Comics inking and coloring with Gimp-painter
Comics inking and coloring with Gimp-painter by David Revoy
Step 1: Scan the pencil drawing
First step is the scanner acquisition with Xsane of my drawing (HB pencil on A4 paper ). I scan it in Gray level at 300dpi. To produce a beautifull result, I play with the level to clean white.
the original pencil drawing
Step 2: Inking
I start to convert my pencil artwork in a light blue range of colors ; I use the tool colorize ( Color > Colorize ).
the colorize tool in action
With the G-Pen tool of Gimp-painter I start to ink my drawing, on a separate empty layer. The screenshot above show the setting I use with G-Pen.
starting the inking process
At the end, I add a white layer under my line-art to finish my inking. When it’s finish , I save my work, and I save in another file a copy of the final Line-art layer ; I will need it later.
finishing the inking with a white layer under
Step 3: Multi-Fill
This is probably the main section of this tutorial. I add a new layer under my line art, and I start with a thinner G-pen in red to draw the limit of each different color zone I want. I flatten the layer when it’s finish.
preparing the zone for the cell-shading
I launch the script ‘Multi-Fill’ with the same setting as in the screenshot above and I let the script detect each closed zone, and fill with a random color.
the flatting-tools script in action
When it’s finish ; delete the layer above with Line-art + red limits ; and load ( load as new layer ) your old copy of final Line-art ( the one without red lines ).
the result of the flatting tools
As you see on the animation above; the advantage of this script is in the clean result of the colorisation : each zone frontier are right in the middle of the thickness of your black lines.
importing the line-art over the result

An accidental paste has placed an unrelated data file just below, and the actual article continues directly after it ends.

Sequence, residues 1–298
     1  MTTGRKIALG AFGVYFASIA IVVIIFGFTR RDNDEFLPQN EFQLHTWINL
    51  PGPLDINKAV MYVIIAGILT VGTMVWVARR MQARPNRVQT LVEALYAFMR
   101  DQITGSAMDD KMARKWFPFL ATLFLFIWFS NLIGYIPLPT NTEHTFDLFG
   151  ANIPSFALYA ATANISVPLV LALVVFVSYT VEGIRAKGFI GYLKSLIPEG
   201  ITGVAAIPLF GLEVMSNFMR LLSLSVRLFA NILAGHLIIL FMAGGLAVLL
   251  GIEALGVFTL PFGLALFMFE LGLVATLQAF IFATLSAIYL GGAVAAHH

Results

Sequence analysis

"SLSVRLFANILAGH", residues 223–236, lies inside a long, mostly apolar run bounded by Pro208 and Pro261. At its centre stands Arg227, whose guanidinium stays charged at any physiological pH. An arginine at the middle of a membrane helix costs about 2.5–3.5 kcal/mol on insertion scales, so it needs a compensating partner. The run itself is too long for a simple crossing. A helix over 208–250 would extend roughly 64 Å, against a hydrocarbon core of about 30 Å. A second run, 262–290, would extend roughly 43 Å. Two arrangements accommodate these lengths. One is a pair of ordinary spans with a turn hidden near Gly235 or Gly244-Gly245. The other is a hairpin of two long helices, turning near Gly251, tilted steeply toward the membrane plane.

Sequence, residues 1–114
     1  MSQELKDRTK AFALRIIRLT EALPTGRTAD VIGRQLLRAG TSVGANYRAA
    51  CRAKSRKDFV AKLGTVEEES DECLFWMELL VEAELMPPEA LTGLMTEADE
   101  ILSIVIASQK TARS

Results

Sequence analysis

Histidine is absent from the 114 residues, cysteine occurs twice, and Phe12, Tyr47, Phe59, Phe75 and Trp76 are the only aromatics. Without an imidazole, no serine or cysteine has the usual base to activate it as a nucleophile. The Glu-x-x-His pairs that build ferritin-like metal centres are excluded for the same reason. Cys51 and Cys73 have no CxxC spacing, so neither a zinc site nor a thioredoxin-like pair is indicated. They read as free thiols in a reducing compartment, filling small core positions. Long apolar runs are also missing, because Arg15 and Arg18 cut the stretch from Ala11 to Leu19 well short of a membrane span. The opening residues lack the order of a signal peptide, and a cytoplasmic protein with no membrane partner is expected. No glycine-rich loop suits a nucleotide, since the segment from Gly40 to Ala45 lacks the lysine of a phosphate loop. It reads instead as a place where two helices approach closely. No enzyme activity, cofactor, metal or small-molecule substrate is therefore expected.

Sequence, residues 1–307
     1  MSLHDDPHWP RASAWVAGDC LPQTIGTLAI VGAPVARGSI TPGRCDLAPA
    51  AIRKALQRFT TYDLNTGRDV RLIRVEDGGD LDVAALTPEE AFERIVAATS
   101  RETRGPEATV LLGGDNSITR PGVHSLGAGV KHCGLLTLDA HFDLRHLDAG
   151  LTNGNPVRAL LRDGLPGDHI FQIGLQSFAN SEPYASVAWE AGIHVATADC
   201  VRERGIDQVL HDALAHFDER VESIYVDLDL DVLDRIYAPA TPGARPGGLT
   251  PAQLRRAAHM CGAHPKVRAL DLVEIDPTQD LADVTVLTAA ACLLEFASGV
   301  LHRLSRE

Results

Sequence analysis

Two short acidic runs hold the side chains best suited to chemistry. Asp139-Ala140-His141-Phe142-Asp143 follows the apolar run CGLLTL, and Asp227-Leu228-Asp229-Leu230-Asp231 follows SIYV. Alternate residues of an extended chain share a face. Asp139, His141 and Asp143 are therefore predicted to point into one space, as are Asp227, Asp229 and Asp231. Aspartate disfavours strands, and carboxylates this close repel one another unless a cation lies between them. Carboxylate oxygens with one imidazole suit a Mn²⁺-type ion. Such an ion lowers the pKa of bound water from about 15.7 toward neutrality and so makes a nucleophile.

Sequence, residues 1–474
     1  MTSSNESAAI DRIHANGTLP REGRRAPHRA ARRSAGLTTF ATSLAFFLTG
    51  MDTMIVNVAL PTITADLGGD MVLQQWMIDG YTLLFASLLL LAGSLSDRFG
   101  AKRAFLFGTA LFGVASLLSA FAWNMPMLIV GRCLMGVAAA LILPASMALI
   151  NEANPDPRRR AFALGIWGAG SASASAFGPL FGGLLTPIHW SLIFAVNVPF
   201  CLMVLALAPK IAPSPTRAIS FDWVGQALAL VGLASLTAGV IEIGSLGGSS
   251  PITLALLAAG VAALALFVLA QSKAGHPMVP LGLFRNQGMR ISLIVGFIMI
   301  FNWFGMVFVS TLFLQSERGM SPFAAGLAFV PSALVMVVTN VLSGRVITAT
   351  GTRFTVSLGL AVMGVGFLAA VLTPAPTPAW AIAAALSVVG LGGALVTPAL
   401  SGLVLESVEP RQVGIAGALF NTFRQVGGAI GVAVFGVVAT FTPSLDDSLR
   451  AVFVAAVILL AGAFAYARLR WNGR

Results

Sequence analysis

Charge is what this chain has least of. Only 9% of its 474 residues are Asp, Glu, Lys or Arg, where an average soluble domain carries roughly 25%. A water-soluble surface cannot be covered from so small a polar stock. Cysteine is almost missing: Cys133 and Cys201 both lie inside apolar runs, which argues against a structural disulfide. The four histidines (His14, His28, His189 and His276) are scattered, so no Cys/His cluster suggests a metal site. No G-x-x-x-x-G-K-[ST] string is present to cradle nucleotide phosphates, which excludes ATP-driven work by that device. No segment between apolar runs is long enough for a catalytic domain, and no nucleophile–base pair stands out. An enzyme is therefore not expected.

Step 4: Colors
With the Fill bucket tool ( with the option ‘fill similar color’ and a low ‘treshold’ ) , it’s easy now and fast to replace each automatic psychadelic colors of the Multifill script. Open a large color palette to make this process easier. For most of the fast cartoons with a cell-shading rendering ; this step can be the final.
coloring by replacing the colors
If you want to add a bit more of life, you can brush with a rounded basic brush over the colors layer with some brighter strokes and a low opacity. You can play with the balance of colors to warm up the overall too.
adding life with a rounded brush
the final RGB colorisation
Step 5: Export for print
For exporting in CMYK I still use my license of Photoshop CS2 ( with Wine ) cause I still don’t know how to do it with the security of a corect result with only FLOSS. Be sure when I will know it, I will be the first to use it.
I want here to have all the color using the CMY cartbridge colors only and the line-art using pure Black color ink. Also, I want to prepare under the line-art a dark grey to make the black look deeper when it will be printed.
selecting the line-art layer
shrink the selection of 1 pixel
Fill the selection with grey on a new layer
I prepare the grey layer in Gimp ; I use the ‘Alpha to selection’ on my line-art layer combined with a ‘Shrink selection’ of 1 pixel. When it’s done, I fill the new selection with a dark grey. To give the file to Photoshop, I save in PSD.
On Photoshop, I convert my file using the layer group properties to restrict the channel; on the black ink , I use only ‘K’ , and on the color and the grey channel I use only ‘CMY’. I change the color on the layer of line-art to use only Black 100% and on the grey I setup the grey of my publisher : C=80% M=70% Y=70%. I finish with saving to the TIFF file format , with the CMYK ICC profile asked by my publisher too, here a ‘Europe ISO Coted Fogra27’.
For saving disk space, I allow a LZW compression. That’s all !
Result of the CMYK conversion with Photoshop CS2